How and when did you all meet?
Hudson: It was 1994, at the National Minority AIDS Council conference. We were just kind of like hi and bye. I was still living in Arkansas [where she is originally from].
Washington: The conference allowed for someone like her and I to meet because I had never been to Arkansas. We didn’t have consistent interaction, but when she got to Atlanta, I was a co-director at Southerners On New Ground. We kept track of the local movers and shakers and her name always came up. I knew enough to know for sure I liked her and I wanted her on my board.
A few years later, you reached out to Darlene to help you reinvigorate the Gay and Lesbian Atlanta Center, laying the groundwork for the Rustin/Lorde breakfast. It sounds like you all had a friendship of sorts even before you worked together.
Washington: Yes, by the time Darlene joined the board, there was a relationship and trust that had already actually developed just from running in the same circles. We were oriented to talk beyond the formal boundaries. We ended up just sharing ideas to create the breakfast. We had an ease that gave us momentum because trust was there.
That type of trust isn’t always present between gay men and gay women. Why do you think there’s a bit of a wall there?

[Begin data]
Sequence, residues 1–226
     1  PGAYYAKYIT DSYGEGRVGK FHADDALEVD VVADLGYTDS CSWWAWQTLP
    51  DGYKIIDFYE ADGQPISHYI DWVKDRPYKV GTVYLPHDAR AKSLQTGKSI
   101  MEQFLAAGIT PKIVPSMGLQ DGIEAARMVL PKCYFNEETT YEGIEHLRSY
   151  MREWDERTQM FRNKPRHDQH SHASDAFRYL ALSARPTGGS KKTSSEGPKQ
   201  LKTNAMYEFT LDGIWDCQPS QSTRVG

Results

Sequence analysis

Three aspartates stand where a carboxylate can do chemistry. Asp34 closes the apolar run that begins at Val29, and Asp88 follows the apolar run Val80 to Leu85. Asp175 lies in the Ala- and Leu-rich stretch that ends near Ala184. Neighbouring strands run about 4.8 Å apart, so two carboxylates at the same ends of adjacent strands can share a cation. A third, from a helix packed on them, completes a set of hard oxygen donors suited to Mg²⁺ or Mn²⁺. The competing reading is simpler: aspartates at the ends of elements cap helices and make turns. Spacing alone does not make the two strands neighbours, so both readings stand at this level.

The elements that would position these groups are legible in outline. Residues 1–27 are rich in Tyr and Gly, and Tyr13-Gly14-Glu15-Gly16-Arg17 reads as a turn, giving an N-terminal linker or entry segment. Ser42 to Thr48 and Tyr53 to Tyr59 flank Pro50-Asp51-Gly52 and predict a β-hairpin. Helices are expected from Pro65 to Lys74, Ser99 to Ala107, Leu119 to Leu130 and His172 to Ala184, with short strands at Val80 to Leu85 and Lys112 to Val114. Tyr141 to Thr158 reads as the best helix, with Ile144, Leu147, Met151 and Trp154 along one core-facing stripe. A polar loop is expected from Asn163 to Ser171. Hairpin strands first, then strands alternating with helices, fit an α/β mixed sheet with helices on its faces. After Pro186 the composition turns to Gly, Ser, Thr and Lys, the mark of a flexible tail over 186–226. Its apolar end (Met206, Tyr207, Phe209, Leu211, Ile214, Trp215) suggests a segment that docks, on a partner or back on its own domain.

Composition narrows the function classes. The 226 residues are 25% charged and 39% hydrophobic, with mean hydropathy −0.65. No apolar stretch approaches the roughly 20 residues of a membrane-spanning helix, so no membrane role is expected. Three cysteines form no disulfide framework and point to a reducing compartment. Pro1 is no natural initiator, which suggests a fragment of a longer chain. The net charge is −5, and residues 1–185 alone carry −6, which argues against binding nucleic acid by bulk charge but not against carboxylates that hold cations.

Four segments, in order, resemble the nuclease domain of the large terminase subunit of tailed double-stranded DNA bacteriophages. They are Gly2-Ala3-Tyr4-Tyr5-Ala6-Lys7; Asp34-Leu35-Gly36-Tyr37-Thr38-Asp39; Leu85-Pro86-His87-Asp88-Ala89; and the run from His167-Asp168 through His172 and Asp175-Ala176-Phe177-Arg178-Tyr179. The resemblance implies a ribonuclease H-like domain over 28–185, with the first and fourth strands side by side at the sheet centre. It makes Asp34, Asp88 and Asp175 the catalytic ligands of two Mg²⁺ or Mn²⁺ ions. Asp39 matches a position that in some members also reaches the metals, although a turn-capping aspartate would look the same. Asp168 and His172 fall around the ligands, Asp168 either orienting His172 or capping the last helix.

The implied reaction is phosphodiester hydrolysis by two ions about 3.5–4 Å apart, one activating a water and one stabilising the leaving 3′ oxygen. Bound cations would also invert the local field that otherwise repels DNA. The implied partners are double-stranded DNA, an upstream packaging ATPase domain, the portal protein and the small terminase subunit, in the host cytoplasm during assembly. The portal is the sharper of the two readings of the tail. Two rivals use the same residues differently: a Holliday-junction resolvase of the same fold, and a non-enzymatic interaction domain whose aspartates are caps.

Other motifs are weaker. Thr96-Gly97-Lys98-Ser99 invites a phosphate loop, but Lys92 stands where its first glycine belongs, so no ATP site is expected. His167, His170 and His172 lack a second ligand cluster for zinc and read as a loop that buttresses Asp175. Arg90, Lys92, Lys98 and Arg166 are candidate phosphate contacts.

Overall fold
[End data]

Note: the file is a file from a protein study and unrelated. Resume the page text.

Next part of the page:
Washington: Gay men aren’t necessarily any less sexist than straight men. We are still socialized as males and that is to think that we are superior to women and to also distrust or reject that femme energy within us. That sets in our heads a certain kind of lack of respect for girls period. Meanwhile, some women aren’t feeling gay men, possibly because there’s a certain male privilege even in the gay community. Add to that siloing, which just makes people become even more limited and further erodes relationships.
Hudson: It’s relevant for gay men to get together and do their thing and lesbians to get together and do their thing, and trans and bi people to do the same. But it’s important for community to come together. People tend to silo themselves regardless of gender or sexuality. It’s so easy to pull into your neighborhood and pull up that garage door and not see or talk to anyone. I’m looking forward to, in Atlanta, seeing more co-gender events. It takes all sorts. Sometimes it is really boy-heavy!